The following is taken from this rockclimbing.com article. I have copied it here with no changes other than basic reformatting.
KungFu Aiders: How to make Russian Aiders at home
I would like to start out by stating this: If Russ is producing and selling russian aiders (http://www.fishproducts.com) by the time you read this, then stop reading. Go buy those by Russ. Also, I have not ever seen the Trango or Fish product in person, only pictures on the net.
So here I am wanting some of these things and not being able to get any. “Spring” is upon us and still none are available from Fish. I decided to make my own. I looked at all the images I could find on this site and with Google. I read everything I could about current designs and suggested improvements. I came up with a rough design based on those images and my own needs.
These are the materials and costs (some are approx) in canadian pesos.
- 1m 1/4" shock cord .............. $0.39
- 3m 2" flat webbing .............. $3.57
- 2m 1" flat webbing .............. $1.32
- 4m 1" tubular webbing ........... $3.60
- 1m 3/8" polyethylene tubing ..... $1.50
- 2x6m 6mm static cord ........... $19.20
- 1m 4mm static cord .............. $0.60
- 2x 1" plastic cam buckle ........ $1.20
- 0.5m 19mm velcro closure ........ $1.00
- 2x steel hook fixtures .......... $6.00
Items on hand (approx value):
- needle thread ................... $1.00
- scrap of 1" tubular webbing ..... $0.50
- heavy weight polar fleece ....... $2.00
- 1/4" white soft foam ............ $1.00
- 0.3m 1/2" tubular webbing ....... $0.50
Total: $41.88 CDN or $28.79 US
There are two different things to construct: the trees and the harnesses. In both cases I try to keep the sewing to a MINIMUM. The reasons for this is that it is hard to sew things strong at home and even harder to correct mistakes (and they will happen). For these reasons I use knots as much as possible. No need to be a boy scout though, I use an old favorite; the overhand knot. It's a small knot and plenty strong for our purposes.
I'm not sure who came up with that name for these but that's what they are. Essentially a length of material with things to hook onto. Of importance here is that they be light, compact and that the things you hook onto stay open. Ideally this means metal rings but they add cost and weight (or little weight and a lot of cost if you go with titanium). It is simple enough to tie loops into a length of cord but you need those loops to stay open. For this I use the polyethylene tubing: the same stuff found on gear loops. This material is light, wears well and springs back to shape after being bent.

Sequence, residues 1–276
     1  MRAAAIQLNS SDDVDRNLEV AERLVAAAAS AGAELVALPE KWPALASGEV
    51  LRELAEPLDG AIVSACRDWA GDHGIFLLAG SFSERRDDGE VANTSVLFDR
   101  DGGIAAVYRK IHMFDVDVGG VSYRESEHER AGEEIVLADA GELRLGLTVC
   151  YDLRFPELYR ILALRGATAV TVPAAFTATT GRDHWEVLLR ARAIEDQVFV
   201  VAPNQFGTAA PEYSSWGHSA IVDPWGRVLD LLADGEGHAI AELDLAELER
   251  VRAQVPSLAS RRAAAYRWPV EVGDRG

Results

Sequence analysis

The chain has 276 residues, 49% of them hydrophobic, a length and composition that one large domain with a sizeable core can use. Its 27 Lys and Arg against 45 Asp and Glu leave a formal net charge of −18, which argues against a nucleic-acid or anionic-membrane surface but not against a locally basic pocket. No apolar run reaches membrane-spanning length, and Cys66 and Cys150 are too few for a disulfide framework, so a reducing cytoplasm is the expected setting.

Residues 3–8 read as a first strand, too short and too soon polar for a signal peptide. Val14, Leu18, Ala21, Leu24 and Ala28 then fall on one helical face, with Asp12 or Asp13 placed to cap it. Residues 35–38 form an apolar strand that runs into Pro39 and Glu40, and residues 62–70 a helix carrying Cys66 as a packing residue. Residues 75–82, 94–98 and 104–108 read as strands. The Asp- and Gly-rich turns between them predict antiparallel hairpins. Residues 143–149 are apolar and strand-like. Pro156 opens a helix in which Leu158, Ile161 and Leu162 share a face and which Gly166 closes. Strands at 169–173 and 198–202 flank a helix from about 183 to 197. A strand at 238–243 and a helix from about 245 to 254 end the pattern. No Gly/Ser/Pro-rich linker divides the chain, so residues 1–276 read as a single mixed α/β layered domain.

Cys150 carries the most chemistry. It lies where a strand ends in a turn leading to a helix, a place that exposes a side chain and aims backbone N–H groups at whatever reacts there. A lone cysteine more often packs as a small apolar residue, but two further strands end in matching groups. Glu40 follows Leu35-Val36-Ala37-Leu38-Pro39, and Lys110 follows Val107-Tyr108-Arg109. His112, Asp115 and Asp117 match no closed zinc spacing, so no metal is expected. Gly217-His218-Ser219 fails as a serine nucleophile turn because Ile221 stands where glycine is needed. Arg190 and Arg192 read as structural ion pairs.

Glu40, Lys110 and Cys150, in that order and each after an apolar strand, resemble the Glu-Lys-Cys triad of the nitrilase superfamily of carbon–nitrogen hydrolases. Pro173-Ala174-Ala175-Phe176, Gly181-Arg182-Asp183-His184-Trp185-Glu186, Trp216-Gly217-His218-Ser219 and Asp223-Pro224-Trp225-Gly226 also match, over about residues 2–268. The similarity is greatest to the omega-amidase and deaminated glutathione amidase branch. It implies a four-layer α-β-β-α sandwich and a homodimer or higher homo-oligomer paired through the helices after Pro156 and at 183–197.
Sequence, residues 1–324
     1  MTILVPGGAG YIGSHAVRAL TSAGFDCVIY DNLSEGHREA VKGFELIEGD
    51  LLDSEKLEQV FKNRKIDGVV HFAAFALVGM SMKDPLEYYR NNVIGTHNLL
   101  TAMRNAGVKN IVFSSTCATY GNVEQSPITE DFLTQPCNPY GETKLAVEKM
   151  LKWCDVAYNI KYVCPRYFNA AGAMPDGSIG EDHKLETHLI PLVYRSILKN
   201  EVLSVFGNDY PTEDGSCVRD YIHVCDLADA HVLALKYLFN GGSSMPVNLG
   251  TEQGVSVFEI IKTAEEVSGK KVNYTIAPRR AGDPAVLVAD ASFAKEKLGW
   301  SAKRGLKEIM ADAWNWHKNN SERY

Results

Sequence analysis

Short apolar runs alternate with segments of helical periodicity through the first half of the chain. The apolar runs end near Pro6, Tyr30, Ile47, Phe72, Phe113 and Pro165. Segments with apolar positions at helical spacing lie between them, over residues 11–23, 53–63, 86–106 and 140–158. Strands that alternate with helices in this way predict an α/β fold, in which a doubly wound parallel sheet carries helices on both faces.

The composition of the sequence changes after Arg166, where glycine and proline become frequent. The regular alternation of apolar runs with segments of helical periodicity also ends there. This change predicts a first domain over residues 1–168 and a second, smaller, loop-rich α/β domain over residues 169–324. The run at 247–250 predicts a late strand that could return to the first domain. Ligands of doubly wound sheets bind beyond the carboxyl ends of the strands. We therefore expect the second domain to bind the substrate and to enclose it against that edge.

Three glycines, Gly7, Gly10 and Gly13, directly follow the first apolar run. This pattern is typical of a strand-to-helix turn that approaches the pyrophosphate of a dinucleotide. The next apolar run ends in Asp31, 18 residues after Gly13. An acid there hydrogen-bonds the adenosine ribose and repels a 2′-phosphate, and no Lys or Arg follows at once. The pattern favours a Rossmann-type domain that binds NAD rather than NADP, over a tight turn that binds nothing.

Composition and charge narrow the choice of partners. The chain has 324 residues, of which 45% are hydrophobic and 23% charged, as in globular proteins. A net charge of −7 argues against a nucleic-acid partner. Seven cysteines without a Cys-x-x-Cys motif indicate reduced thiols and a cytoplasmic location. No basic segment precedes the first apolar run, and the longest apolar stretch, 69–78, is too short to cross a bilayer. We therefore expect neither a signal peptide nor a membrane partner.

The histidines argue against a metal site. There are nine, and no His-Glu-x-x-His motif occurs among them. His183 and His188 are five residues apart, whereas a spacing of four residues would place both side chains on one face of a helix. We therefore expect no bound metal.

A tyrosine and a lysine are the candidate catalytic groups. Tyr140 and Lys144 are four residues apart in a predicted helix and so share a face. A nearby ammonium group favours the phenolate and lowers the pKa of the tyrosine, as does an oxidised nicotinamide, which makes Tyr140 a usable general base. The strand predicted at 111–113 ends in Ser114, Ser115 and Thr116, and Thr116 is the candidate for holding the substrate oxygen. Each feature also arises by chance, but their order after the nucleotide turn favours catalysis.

I made my trees with 5 steps so that means 10 rings per tree. Cut the tubing into 20 5.5cm (21/8") lengths. With a hacksaw cut a third of the way in middle of each bit to promote bending in the middle.
Make sure you picked cords of different colours! I found that it is easier to thread them if you cut the core out of one end of the cord to make it smaller (you'll trim this bit off anyway). Next you make your loops. This is time consuming but easy to do. Pick the step lengths you want (I chose 12" for bottom steps, 8" at top steps). Understand that each step is made of a pair of loops and that you tie them from the bottom up. Make a loop with an overhand knot with one bit of tubing so that when the knot is made the tubing is in the loop. Now take the cord BELOW that loop and make another knot ABOVE the loop (shown without the plastic bit for simplicity).
This is a bit tricky to explain but easy to do. The point of this is that when you weigh the loops they will squish together rather than stretch apart (you want your pairs at the same height). Repeat this ten times and you've done the loops. At the top use some of the scrap 1" webbing to protect the clip-in loop and some 1/2" webbing to cover the grab handle.
These are more complicated to make. By far the most critical piece of equipment on these is the hook. One option is to use a BD cliffhanger hook but those are expensive! I looked in different hardware stores and finally found the “perfect” thing. They are hooks for things like coats or wet towels. I found them at Home Depot.